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A Distributed and Oblivious Heap. Christian Scheideler and Stefan Schmid Dept . of Computer Science University of Paderborn. Motivation. P2P systems : significant amount of attention . Holy grail : P2P systems that are highly scalable and robust. Internet. Motivation.

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a distributed and oblivious heap

A Distributed andOblivious Heap

Christian Scheideler and Stefan Schmid

Dept. of Computer Science

University of Paderborn

motivation
Motivation

P2P systems: significantamountofattention.

Holy grail: P2P systemsthatarehighlyscalableandrobust

Internet

motivation1
Motivation

P2P systemsfacemanythreats:stop/failattacks, join/leaveattacks, Eclipseattacks, Sybil attacks, Denial-of-Service attacks, contentpollution,…

Internet

sybil attacks
Sybil Attacks

Goal:floodnetworkwithfakepeers

Effect:disconnectgoodpeers, dropmessages, dropormanipulatedata,…

Internet

sybil attacks1
Sybil Attacks

Previoussolutions:

  • Douceur 02: Usetrustedauthoritytolimitgenerationofidentities
  • Bazzi et al. 05/06: Limit identitiescreatedat a particularlocation (e.g., withinan ISP) ofthe Internet
  • Danezis et al. 05, Yu et al. 06: Network based on socialcontacts
  • Margolin & Levine 07: Game theory

General approach: addconstraints

Ourapproach: working P2P networkdespiteSybil attacks

our a pproach
OurApproach

Connect totheolderpeers!

our approach
Our Approach

Similartopreferentialattachmentgraphs.

Hope:peersalready in thesystemwhen Sybil attackstartsare not affectedby it.

Network Entry Point

28

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9

10

3

how to connect to older peers
Howtoconnecttoolderpeers?

Naive solution:

Connection todolderpeerschosenuniformlyatrandom:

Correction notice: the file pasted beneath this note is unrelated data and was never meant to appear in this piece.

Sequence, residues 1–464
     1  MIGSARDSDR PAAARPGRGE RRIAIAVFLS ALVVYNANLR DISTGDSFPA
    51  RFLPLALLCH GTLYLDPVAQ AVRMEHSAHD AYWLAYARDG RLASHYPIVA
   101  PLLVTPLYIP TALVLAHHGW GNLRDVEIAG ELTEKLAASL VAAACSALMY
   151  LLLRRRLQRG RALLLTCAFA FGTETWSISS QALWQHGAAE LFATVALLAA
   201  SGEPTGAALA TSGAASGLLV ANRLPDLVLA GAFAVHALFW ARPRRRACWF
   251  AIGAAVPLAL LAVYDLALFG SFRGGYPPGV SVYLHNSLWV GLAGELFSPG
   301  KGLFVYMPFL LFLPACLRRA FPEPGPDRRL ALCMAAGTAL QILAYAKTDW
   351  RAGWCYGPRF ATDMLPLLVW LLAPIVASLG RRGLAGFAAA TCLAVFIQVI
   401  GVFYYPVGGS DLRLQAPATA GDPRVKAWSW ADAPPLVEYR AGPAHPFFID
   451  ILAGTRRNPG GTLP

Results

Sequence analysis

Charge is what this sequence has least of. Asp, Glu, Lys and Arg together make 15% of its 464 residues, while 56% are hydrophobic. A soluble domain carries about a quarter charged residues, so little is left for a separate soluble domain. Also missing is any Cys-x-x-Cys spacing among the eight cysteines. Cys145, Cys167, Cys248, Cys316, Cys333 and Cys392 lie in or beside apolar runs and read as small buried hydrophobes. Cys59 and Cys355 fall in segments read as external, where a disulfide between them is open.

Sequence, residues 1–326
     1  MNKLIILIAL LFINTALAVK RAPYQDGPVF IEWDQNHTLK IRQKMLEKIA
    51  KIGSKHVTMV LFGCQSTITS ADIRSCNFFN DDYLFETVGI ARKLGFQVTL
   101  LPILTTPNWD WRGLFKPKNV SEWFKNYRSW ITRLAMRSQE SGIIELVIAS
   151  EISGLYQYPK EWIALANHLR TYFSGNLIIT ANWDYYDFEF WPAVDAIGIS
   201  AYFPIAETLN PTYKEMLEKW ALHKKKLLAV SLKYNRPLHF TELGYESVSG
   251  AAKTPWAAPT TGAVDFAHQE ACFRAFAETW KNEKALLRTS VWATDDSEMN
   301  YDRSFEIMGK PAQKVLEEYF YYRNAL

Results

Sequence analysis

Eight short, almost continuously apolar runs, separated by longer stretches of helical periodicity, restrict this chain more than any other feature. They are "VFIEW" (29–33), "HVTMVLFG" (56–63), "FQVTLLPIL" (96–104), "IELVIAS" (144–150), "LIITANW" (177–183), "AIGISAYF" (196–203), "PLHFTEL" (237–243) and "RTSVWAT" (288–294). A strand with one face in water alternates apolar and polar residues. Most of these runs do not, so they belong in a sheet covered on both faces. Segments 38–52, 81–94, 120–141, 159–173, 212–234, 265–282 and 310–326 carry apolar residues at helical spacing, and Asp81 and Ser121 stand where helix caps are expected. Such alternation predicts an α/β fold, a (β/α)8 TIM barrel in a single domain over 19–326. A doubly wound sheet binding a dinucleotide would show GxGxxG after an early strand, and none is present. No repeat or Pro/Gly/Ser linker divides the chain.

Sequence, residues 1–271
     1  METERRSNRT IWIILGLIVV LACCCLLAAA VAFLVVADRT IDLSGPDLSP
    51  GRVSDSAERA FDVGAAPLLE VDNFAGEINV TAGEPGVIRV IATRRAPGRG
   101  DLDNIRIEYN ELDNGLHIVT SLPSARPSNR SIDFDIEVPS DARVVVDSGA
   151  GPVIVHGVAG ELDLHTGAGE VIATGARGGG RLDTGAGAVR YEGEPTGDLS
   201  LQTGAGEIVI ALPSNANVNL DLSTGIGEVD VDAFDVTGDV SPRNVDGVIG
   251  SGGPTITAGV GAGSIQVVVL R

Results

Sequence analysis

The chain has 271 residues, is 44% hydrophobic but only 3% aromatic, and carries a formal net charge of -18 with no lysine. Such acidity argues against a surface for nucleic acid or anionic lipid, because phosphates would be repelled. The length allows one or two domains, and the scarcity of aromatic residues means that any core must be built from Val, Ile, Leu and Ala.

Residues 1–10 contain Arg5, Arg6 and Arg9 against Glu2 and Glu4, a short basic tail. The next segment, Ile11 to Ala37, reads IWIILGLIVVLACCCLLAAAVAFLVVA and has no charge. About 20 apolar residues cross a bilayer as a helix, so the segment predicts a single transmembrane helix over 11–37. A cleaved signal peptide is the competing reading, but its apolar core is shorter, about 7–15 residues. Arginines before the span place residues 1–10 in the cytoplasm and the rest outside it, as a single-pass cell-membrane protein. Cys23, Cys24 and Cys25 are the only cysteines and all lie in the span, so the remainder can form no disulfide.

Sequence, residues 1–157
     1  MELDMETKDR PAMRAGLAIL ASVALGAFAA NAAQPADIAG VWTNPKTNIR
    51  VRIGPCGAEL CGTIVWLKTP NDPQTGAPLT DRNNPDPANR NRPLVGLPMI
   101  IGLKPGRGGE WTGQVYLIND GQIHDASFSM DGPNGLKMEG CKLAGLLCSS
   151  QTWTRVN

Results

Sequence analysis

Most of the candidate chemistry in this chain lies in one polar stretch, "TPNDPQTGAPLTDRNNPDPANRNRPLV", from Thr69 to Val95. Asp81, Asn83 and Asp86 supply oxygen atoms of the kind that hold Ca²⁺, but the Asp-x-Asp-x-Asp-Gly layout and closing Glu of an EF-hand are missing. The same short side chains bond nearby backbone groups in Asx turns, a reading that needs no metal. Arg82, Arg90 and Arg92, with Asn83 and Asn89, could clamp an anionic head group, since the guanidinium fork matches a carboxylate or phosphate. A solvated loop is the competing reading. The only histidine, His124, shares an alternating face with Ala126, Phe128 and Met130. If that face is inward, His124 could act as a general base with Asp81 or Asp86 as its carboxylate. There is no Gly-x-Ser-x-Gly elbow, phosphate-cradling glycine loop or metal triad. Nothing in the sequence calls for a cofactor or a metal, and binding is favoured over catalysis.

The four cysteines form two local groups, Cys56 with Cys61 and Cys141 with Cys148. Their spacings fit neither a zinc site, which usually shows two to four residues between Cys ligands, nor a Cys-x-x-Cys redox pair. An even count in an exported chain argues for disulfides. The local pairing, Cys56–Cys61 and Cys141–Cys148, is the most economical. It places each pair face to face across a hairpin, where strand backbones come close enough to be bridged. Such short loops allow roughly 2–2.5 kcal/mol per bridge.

• Howtojoinandleaveefficiently?
  • Not a self-routingtopology!

Better: distributedheapbased on de Bruijngraph

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2

1

5

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dynamic de bruijn network

01

00

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Dynamic de Bruijn Network

Classicalnetworktheory: familyofgraphs

Example: d-dim. de BruijngraphG=(V,E)

  • V = {0,1}d
  • E = { {x,y} | x=(x1,…,xd), y=(b,x1,…,xd-1), forsome b{0,1} }

Weneed: dynamic form ofde Bruijngraph (nodesjoinandleave)

dynamic de bruijn network1
Dynamic de Bruijn Network

Example: d-dim. de BruijngraphG=(V,E)

  • V = {0,1}d
  • E = { {x,y} | x=(x1,…,xd), y=(b,x1,…,xd-1), forsome b{0,1} }
  • Represent(x1,…,xd) as0.x1 x2…xd [0,1), e.g. 0.101 = 1(1/2) + 0(1/4) + 1(1/8)
  • Letd
dynamic de bruijn network2
Dynamic de Bruijn Network

Example: d-dim. de BruijngraphG=(V,E)

  • V = {0,1}d
  • E = { {x,y} | x=(x1,…,xd), y=(b,x1,…,xd-1), forsome b{0,1} }

Resultford:

  • V = [0,1)
  • E = { {x,y}[0,1)2| y=x/2 ory=(1+x)/2 }
dynamic de bruijn network3
Dynamic de Bruijn Network

Continuous de Bruijngraph:

  • V = [0,1)
  • E = { {x,y}[0,1)2 | y=x/2 or y=(1+x)/2 }

R

0

1